Fortunately for music historians and re-creationists, Thomas Ravenscroft collected and published the street, folk, and drinking music of his day – mostly the late 1500s. Many of the rounds Ravenscroft collected are still popular today in some form.
Since today is Easter, I offer the second round in Ravenscroft’s collection Pammelia(1609), “O My Fearful Dreams”. This is a beautifully haunting round suitable to it’s text:
O my fearful dreams never forget shall I,
methought I heard a maiden[‘s] child condemned to die,
whose name was Jesus.
The original text does say “malden child” – probably a misprint. I believe “maiden’s child” was intended with its reference to the virgin Mary, but “maiden child” would fit the music as well.
This is a round of three voices, meaning it has three parts, at the unison, meaning each part starts on the same note. Generally “at the unison” also means at the octave, so parts can be transposed down or up an octave in order to fit the range of the singer or instrument.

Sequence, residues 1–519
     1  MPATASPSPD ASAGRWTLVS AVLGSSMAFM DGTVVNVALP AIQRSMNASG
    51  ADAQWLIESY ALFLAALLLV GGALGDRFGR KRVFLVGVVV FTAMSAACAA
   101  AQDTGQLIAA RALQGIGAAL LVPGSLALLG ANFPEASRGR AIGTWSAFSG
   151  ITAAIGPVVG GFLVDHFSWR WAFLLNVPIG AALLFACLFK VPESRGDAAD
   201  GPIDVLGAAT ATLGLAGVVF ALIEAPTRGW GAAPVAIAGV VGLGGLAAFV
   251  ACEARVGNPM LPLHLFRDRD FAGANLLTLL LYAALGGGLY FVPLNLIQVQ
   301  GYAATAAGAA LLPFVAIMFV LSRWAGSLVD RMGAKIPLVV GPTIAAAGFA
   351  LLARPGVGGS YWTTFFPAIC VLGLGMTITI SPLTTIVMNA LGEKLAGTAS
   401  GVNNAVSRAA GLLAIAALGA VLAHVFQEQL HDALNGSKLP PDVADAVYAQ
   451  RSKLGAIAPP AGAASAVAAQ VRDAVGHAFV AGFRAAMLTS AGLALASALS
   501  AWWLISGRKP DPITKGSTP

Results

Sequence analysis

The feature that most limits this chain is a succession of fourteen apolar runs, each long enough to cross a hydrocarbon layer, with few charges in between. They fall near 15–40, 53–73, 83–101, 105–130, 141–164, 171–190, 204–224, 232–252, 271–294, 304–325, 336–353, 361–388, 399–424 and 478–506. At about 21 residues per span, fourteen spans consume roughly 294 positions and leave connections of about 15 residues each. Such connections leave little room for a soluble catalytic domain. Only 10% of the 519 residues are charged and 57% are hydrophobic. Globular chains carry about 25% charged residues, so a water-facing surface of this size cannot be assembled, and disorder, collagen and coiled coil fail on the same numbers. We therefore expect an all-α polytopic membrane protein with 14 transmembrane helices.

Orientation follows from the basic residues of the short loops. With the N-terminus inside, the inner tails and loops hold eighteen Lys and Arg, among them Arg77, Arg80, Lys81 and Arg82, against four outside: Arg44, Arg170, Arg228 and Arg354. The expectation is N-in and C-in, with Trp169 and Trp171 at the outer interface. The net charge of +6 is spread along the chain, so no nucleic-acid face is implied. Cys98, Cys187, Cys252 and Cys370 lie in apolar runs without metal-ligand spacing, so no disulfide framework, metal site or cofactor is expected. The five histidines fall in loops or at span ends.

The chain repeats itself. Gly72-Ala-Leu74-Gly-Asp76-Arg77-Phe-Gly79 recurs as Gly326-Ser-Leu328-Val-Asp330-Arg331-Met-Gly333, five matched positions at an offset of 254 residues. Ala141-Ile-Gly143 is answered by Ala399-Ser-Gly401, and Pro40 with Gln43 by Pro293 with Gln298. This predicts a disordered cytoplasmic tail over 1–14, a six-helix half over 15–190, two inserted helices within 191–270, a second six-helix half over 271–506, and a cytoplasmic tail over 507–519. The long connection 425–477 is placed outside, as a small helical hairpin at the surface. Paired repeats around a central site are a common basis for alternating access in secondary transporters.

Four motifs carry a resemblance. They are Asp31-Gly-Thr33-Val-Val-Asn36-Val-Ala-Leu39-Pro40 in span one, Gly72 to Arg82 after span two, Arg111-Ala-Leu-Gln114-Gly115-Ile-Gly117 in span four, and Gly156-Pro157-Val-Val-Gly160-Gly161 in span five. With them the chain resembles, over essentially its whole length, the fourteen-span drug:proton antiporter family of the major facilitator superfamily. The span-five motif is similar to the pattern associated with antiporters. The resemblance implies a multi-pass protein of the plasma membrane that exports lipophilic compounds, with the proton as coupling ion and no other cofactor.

I am using a publish format where the lines of the round music stack up in the way that they are related in performance. When voice 1 gets to the beginning of the second line (2), voice 2 should enter at the beginning of the piece. When voice 1 gets to the beginning of the third line (3) voice 3 should enter at the beginning.
Here is my modern transcription:
This is what it sounds like – the round is played through once in its entirety, then all voices are added.
Ravenscroft music requires some interpretation when making a modern transcription; some pieces more than others. Luckily, facsimiles of the Ravenscroft publications, including the page with this round, exist online at this wonderful web site. So you can create your own interpretation if you are so inclined.